Post high school certificates are issued after short term or long term and coursework generally takes less than a year to a year or more to complete. While the report finds that the greatest benefit came from completing a long-term certificate, the WCM – LCCC video production certificate will likely start out as a short term program.

Additionally, growth in community colleges is projected to happen quickly through the new “Skills For America’s Future” federal program that develops stronger partnerships between private sector and community colleges with an additional 5 million associate degrees awarded by 2020.

WCM plans to create “production teams” of six to 10 individuals who will learn as they experience preproduction – working with a client, writing, location scouting; production – lighting a scene, setting sound, operating a camera; postproduction – editing and distribution.

Who can participate? Primarily, the course will be set up for residents who may be displaced from the labor force – either unemployed or underemployed – and current members of the labor force who want to learn new skills or augment existing skills with digital media arts knowledge and experience.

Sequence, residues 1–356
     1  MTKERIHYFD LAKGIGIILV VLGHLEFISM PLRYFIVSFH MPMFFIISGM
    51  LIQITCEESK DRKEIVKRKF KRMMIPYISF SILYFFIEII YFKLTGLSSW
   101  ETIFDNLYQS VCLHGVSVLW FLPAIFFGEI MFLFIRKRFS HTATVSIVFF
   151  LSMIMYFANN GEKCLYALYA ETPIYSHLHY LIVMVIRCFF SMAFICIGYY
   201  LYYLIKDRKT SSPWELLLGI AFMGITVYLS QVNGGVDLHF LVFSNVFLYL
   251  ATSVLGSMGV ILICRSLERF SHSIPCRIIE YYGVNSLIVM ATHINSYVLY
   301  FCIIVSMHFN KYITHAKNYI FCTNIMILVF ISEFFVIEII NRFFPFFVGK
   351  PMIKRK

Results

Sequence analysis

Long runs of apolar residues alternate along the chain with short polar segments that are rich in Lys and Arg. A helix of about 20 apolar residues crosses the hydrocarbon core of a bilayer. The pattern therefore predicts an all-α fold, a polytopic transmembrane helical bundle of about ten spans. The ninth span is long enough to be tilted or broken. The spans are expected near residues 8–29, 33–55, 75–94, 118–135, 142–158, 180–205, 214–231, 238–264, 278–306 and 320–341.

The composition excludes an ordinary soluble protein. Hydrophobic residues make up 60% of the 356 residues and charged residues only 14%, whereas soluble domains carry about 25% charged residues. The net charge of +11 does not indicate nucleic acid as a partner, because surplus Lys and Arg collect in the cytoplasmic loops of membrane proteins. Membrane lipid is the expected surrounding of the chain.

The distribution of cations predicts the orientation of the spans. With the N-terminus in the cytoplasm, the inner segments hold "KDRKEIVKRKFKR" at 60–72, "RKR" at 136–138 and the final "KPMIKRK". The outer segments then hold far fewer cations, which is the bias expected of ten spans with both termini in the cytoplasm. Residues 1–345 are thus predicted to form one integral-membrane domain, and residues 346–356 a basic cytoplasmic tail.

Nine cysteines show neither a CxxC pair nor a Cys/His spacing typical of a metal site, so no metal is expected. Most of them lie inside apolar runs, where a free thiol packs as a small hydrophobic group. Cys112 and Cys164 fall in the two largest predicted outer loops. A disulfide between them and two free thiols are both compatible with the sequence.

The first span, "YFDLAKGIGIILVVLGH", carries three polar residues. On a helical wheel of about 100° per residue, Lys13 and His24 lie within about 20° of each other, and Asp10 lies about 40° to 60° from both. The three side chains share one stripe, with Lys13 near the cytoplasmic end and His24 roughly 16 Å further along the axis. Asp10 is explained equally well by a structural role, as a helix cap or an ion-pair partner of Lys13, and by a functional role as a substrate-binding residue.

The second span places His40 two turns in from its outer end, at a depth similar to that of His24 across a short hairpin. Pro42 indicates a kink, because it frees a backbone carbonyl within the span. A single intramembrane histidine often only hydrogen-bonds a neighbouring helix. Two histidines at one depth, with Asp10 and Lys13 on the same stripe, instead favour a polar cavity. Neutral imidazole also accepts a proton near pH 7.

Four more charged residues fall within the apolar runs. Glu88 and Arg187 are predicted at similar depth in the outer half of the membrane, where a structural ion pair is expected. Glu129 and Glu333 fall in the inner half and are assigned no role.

The work won’t consist of tedious projects, rather, projects that will be used by local non-profit organizations to tell their stories. For more information respond by commenting on the post.

Contemporary storytelling – transmedia paradigm shift

Wyoming Community Media (WCM) is developing a project in the New Creative Economy. WCM has partnered up with Laramie County Community College (LCCC), Wyoming Lifestyle Magazine (WLM) Media in the Public Interest (MPI), the Public News Service – Wyoming (WPNS) and a variety of Cheyenne community and economic development organizations with the hopes of teaching students how to use digital media arts as a way for the private sector can better tell their stories.

Storytelling is an art that involves creative and critical thinking, not a bunch of rules of structure. Stories well told mold the structure.

Stories have been told for centuries to convey information create relationships with others and be more empathetic to others. Stories haven’t changed much, but the ways they are conveyed have multiplied over the years. This day and age information flies at the speed of light around the world via TV, YouTube, Radio, TV reporting about YouTube and print media catering to a variety of niches.